(Reuters Health) – Older adults who are victims of financial scams may be more likely to develop dementia and Alzheimer’s disease than elderly people who don’t get tricked by scammers, a small U.S. study suggests.
For the study, researchers gave scam awareness questionnaires to 935 older people who didn’t have dementia. Five questions assessed how open people were to sales pitches, how interested they were in potentially risky investments, and whether they understood that elderly people are more vulnerable to scams.
On average, participants scored 2.8 out of a possible five points, with higher scores indicating lower scam awareness.
After an average follow up of six years, 151 participants developed Alzheimer’s disease and 255 developed mild cognitive impairment.
Low scam awareness was associated with a 56 percent higher risk of Alzheimer’s and a 47 percent higher risk of mild cognitive impairment, researchers report in the Annals of Internal medicine.
“Decreased scam awareness may be a very early sign of Alzheimer’s disease – one that is present well before cognitive symptoms are recognizable,” said lead study author Patricia Boyle of the Alzheimer’s Disease Center at Rush University medical Center in Chicago, Illinois.
“Evaluations of behaviors such as scam susceptibility may help to identify who is at greatest risk of developing cognitive impairment and who may benefit most from therapeutic intervention,” Boyle said by email.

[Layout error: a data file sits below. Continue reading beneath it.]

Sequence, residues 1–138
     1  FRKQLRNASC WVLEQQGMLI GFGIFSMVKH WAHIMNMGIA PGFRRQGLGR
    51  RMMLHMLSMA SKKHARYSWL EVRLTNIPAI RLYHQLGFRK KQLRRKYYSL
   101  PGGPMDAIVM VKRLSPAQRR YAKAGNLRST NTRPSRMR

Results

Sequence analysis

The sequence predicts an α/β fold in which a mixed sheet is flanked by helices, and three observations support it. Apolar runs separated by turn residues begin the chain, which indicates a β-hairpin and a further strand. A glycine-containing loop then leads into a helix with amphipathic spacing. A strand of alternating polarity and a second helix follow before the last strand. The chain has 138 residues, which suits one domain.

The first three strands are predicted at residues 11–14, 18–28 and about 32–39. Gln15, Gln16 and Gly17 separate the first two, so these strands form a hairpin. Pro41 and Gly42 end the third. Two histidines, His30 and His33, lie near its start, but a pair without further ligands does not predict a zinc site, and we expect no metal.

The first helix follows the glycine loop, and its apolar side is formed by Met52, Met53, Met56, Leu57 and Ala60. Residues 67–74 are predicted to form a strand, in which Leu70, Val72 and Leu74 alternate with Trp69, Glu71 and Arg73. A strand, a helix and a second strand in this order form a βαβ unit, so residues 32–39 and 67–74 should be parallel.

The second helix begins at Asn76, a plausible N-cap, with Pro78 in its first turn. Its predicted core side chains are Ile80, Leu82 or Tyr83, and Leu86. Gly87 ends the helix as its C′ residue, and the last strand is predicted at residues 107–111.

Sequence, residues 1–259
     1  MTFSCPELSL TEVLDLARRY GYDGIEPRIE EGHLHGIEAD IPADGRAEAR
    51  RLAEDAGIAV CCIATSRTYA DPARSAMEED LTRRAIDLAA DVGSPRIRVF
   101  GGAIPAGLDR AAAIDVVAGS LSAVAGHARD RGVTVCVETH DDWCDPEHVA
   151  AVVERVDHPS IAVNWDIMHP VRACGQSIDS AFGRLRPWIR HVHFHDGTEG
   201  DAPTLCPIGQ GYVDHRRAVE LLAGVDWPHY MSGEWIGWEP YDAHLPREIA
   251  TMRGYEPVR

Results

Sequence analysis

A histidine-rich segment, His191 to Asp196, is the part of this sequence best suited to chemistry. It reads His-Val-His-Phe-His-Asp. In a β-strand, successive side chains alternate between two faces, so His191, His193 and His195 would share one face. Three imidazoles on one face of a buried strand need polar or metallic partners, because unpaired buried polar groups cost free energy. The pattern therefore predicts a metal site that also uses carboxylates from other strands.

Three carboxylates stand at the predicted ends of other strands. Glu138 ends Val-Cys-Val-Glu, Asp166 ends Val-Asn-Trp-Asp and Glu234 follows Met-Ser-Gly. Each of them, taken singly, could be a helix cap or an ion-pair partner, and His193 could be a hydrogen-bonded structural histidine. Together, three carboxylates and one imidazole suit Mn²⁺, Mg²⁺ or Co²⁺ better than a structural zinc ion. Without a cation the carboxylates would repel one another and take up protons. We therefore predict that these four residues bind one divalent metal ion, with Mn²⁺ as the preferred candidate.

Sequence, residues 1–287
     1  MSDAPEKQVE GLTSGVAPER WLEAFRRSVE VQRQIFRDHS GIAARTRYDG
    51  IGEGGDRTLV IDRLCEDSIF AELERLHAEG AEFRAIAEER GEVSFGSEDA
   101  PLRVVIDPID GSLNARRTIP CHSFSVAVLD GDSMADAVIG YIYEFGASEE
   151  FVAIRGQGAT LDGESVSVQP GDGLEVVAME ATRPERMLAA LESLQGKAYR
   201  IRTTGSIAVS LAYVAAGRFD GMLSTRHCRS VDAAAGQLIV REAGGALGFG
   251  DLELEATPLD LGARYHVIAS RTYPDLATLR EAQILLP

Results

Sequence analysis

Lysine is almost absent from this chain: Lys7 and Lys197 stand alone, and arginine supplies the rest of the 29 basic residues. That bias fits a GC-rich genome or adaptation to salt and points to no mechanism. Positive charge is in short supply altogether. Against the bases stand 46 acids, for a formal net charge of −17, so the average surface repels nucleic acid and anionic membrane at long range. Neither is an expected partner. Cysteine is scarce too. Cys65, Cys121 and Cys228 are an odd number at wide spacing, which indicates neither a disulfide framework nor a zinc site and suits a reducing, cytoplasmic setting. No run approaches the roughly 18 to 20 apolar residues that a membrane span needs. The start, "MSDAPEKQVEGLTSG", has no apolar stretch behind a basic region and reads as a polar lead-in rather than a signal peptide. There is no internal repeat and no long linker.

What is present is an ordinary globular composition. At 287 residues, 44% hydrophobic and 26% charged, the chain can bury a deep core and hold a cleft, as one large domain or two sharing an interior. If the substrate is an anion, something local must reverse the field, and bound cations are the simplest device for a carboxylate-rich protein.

Alzheimer’s, which gradually destroys memory and thinking skills, is the most common cause of dementia among older adults. Inside the brain, Alzheimer’s is associated with abnormal clumps known as amyloid plaques and tangled bundles of fibers, often called tau or tangles. Scientists suspect that the damage begins in the hippocampus, a region of the brain involved in memory.
The only way to confirm an Alzheimer’s diagnosis is by doing a brain autopsy.
Researchers examined autopsy results for 264 people who died during the study. They found the brains of people with lower scam awareness had more damage associated with Alzheimer’s.
The study wasn’t a controlled experiment designed to prove whether or how scam awareness might directly influence the risk of developing Alzheimer’s or dementia.
One limitation of the study is that Alzheimer’s can take years to develop and the study may not have been long enough to detect all cases that might develop with more time, the study authors note. It’s also unclear whether people who had low scam awareness in questionnaires might actually become the victims of financial scams in real life.
“Memory loss is an early sign of Alzheimer’s disease,” said Dr. Jason Karlawish, co-director of the Penn Memory Center at the University of Pennsylvania in Philadelphia.
“This study suggests that, perhaps, changes in social cognition are, too; meaning, changes in the ability to judge other people’s emotions and social cues may signal a person is at risk of cognitive decline,” Karlawish, author of an accompanying editorial, said by email.
Family members and caregivers of older adults should keep a close eye on how well they manage money, and find a way to monitor their financial transactions to try to head off scams, Karlawish advised. Ideally, older adults should give online view-only access to accounts and be cautious about who gets access to their financial records.
“Be aware that a power of attorney is a power to steal and that joint accounts are just that, joint,” Karlawish said. “The other holder can spend the money as he sees fit and spend it legally.”